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Saturday Sports: Braves win World Series; Aaron Rodgers outed as unvaccinated

SCOTT SIMON, HOST:

And now what a beautiful setup for sports.

(SOUNDBITE OF MUSIC)

SIMON: Aaron Rodgers tests positive for COVID and reveals he didn't get vaccinated and misled people - also, no almost for Atlanta this time. Howard Bryant of Meadowlark Media joins us. Howard, thanks so much for being with us.

HOWARD BRYANT, BYLINE: Good morning, Scott. How are you?

SIMON: I'm fine, thanks.

BRYANT: Of course you are.

SIMON: But I have had any contact with Aaron Rodgers.

BRYANT: (Laughter).

SIMON: NFL's reigning Most Valuable Player said in August he was immunized against COVID. Then a couple of days after testing positive, he said reporters should have followed up with clarifying questions. Clarifying is, I think, what face creams do. Look, did he mislead the public, his own teammates, people who tackled him, people on "Jeopardy!"?

BRYANT: People on "Jeopardy!" - talk about double jeopardy. This guy, Aaron Rodgers, absolutely misled the public. He lied to the public. It's really not that complicated. It's one of these celebrity dodges, where they think they can say whatever they want to say and then recalibrate it and have everyone believe it. He was asked a very specific question - are you vaccinated? Now, should the follow-up question have been, and if so, which dose did you get...

SIMON: Yeah.

BRYANT: ...Pfizer, Moderna and Johnson & Johnson?

SIMON: Yeah, which arm?

BRYANT: OK.

SIMON: Yeah.

BRYANT: And then he said, I am immunized. And so let the record show that if somebody asks you a yes or no question, and you don't answer it with a yes or no, you're a suspect. And so Aaron Rodgers, of course, he misled people. And he knows exactly what he did. And it's once - again, this is one of the things - we've been talking about this for almost two years now. This is one of the stories in sports, in American culture, where sports has always sort of been the leader. Sports has really not covered itself in any glory during this pandemic. And the people who have been playing this sport and running these sports really have been almost as obstructionist as any of the major - you know, the sort of major institutions that people look to as we move forward for normalcy.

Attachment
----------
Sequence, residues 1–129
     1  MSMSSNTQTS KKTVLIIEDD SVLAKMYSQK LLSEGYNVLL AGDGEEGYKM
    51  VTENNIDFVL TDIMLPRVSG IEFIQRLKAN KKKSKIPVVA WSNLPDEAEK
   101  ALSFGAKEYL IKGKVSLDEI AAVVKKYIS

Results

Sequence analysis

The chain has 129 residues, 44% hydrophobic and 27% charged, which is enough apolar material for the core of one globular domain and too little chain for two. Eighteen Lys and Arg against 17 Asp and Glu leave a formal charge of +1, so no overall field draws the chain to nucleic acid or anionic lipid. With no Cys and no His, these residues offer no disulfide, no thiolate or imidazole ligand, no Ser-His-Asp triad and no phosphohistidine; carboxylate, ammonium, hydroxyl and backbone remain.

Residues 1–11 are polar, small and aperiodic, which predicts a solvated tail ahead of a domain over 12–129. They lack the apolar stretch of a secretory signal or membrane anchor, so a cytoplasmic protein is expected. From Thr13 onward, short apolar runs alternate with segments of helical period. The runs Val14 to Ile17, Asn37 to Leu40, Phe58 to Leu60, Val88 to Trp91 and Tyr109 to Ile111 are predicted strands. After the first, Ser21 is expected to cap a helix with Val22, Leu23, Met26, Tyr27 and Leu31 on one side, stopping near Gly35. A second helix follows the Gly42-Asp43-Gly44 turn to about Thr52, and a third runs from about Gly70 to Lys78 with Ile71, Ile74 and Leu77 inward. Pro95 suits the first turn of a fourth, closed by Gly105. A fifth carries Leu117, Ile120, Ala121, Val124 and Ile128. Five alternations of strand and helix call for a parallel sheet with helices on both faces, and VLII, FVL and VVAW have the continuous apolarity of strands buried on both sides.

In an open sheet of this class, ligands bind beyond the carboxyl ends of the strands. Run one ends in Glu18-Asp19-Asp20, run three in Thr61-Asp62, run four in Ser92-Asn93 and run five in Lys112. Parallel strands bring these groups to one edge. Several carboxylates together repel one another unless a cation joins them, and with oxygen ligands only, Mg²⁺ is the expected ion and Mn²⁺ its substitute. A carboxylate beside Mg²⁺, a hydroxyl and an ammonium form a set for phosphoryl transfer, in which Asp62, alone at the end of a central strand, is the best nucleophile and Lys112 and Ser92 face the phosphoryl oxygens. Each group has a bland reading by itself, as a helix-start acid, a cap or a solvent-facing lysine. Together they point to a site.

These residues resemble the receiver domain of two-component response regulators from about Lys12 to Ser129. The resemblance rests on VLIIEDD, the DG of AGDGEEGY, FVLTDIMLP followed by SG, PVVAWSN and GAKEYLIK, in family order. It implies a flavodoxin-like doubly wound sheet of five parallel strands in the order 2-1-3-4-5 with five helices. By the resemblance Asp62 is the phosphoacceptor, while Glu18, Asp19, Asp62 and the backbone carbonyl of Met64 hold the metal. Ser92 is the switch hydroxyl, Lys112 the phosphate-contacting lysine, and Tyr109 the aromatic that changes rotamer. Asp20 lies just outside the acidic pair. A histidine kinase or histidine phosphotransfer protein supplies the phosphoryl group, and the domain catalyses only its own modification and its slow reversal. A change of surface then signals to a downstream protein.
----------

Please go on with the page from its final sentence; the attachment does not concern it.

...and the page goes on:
SIMON: Let's talk about the World Series. Atlanta is known for sports teams who almost get there.

BRYANT: (Laughter) Who almost get there, who collapse spectacularly.

SIMON: No almost - the Braves won the World Series 4 games to 2 over the Astros. What caught your eye in this series?

BRYANT: Oh, a couple things - it was a remarkable, remarkable run for the Braves. I think the biggest thing to remember about Atlanta is that here's a team that could have easily just said, oh, we'll go get them next year. They lose Soroka. They lose one of the best players in the game. And Ronald Acuna Jr., he gets hurt. So what did the Braves do? What does the organization do? They go out at the trade deadline - they're under 500 - and they go out, and they go get players. They get Rosario. They go - they do things to tell their fan base they're still in it. They went 88 games, which is not a huge number. But if you look...

SIMON: Yeah.

BRYANT: ...At their team throughout the second half of the season, they were terrific. They stuck with it. You keep playing. And when you listen to people say, oh, well, we can't win, you have an organization that really tried to win. I'm really happy for Brian Snitker. Freddie Freeman's going to break the bank. He's going to be a free agent.

SIMON: Yup.

BRYANT: Snitker is one of those old-school baseball lifers who took forever to get a shot. Now he's a World Series champion - ditto for Ron Washington. Remember, Wash was the manager of the...

SIMON: Yup.

BRYANT: ...Texas Rangers. And they were - they had a two-run lead with two outs and two strikes not once, but twice, and didn't win the World Series in 2011 - huge victory for them - also sad for Dusty Baker...

SIMON: Yup.

BRYANT: ...In the Houston side - this close to winning a championship for the first time as a manager, but not quite - but once again, remarkable postseason - all credit to Atlanta - did exactly what you do when you - we watch sports, which is to have the organization give your fans a chance to have some joy. And they did.

SIMON: Yeah. Howard Bryant, thanks so much. Talk to you soon.

BRYANT: Thank you.

(SOUNDBITE OF MELODIUM'S "ALTATUNE") Transcript provided by NPR, Copyright NPR.